Wading back into the propaganda quagmire regarding civilian damage inflicted by allied bombing on Iraq, U.S. military officials presented an "open and shut" case of Iraqi destruction of a mosque intended to frame the allies for targeting a religious site.

The accusation follows an elaborate effort by the U.S. military, prompted by press inquiries, to gain evidence to support its claim that the Iraqis are deliberately destroying some civilian buildings and falsely blaming the damage on allied bombing raids to gain international sympathy.The U.S. military sent a warplane on a special mission to snap photographs of a mosque in the southern Iraqi port city of Basra that they say was leveled by Iraq and then displayed for reporters as proof of extensive civilian damage dealt by allied forces, said Rear Adm. Mike McConnell, director of intelligence for the Joint Chiefs of Staff.

McConnell used the aerial photograph and three sketches of the site during a Pentagon briefing Tuesday to illustrate that the nature of the damage proves it could not have resulted from an allied bombing raid.

McConnell said aerial surveillance of the area indicated that an Iraqi demolition crew razed the mosque "very hastily" under the cover of darkness between Feb. 7 and Feb. 8, then shuttled international reporters and camera crews from Baghdad to view the damage on Feb. 11.

McConnell said there was a bomb crater located roughly the length of a football field away from the mosque that was created Jan. 30 when a bomb from an allied warplane missed its target, an Iraqi command and control facility located one-half mile away.

Of the destruction of the mosque, McConnell said: "It did not occur from a bomb strike."

"You can tell by examining the photograph how neat and tidy the damage that was inflicted is," he added. "No crater. No burn marks. And the debris has been leveled out and moved away."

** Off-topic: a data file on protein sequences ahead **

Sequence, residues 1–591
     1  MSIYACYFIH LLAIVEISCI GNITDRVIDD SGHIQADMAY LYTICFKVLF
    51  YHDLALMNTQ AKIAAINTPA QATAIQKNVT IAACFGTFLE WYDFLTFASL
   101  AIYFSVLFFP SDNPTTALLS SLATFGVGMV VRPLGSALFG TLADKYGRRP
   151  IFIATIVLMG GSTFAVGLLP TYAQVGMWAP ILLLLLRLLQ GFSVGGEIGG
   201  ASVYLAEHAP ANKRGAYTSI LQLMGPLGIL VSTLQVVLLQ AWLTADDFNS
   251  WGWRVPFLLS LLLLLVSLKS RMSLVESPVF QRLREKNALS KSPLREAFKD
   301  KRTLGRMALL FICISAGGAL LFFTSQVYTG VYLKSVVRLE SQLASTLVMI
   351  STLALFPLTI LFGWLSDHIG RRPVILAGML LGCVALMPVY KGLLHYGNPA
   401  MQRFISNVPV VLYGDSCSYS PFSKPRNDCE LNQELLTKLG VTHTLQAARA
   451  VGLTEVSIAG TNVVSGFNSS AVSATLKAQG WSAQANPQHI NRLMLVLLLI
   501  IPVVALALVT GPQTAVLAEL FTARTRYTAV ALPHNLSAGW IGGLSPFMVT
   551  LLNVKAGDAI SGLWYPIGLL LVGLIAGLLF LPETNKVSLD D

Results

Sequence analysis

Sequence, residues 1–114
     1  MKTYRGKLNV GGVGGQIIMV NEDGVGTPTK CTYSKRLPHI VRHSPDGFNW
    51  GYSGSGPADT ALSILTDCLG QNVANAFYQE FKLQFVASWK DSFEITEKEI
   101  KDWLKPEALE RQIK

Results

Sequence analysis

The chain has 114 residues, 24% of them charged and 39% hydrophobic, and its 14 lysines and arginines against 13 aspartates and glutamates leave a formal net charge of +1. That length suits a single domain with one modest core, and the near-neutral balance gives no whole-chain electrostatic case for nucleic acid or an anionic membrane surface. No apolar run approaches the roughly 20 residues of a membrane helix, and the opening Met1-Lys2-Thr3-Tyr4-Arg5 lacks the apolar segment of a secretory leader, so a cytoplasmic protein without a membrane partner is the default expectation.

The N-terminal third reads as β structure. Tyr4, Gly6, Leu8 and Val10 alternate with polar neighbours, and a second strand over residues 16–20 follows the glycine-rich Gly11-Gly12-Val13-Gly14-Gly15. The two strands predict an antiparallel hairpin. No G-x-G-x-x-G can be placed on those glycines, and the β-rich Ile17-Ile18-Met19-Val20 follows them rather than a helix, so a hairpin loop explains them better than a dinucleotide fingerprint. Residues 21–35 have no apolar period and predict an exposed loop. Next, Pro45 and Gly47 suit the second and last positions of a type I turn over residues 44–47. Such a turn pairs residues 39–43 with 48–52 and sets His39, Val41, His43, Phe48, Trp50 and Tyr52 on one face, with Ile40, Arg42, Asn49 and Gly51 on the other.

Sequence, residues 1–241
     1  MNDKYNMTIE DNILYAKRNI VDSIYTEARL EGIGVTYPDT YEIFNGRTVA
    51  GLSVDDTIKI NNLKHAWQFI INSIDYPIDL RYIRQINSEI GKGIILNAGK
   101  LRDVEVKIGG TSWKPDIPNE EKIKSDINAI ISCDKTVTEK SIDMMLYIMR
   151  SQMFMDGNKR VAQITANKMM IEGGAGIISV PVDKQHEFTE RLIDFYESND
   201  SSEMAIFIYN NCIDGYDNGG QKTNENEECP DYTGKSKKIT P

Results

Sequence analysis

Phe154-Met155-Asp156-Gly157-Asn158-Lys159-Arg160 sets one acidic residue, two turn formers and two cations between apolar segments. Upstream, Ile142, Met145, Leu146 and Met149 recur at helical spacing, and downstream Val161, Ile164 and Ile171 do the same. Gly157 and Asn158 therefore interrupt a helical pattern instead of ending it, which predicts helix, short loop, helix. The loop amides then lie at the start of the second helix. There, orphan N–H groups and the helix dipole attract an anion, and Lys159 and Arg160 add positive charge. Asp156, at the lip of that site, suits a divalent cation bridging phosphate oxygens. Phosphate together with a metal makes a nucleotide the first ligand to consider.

McConnell pointed out that the dome of the mosque had been almost surgically removed, leaving a perfectly formed round supporting structure. A bomb would have caused damage substantially less orderly, he added.

"The intent here was to show a religious facility and to claim collateral damage when we, in fact, know for absolute certain that it was not inflicted by coalition air (attacks)," McConnell said.

McConnell said the mosque site is not the only example of Iraq's self-inflicted damage, but represented the best example.

"We suspect it in several (other) places, but this is the place where we can prove it open and shut," McConnell said. "So this is what we decided to share with you."

U.S. military officials have maintained throughout the war that they are not targeting civilian areas and have, in fact, spared some civilian sites that have doubled as military facilities for Iraq's war machine.

However, two laser-guided bombs from a U.S. warplane killed scores of civilians last week in a Baghdad building that the allies say was a fortified military command center but the Iraqis say was a civilian bomb shelter.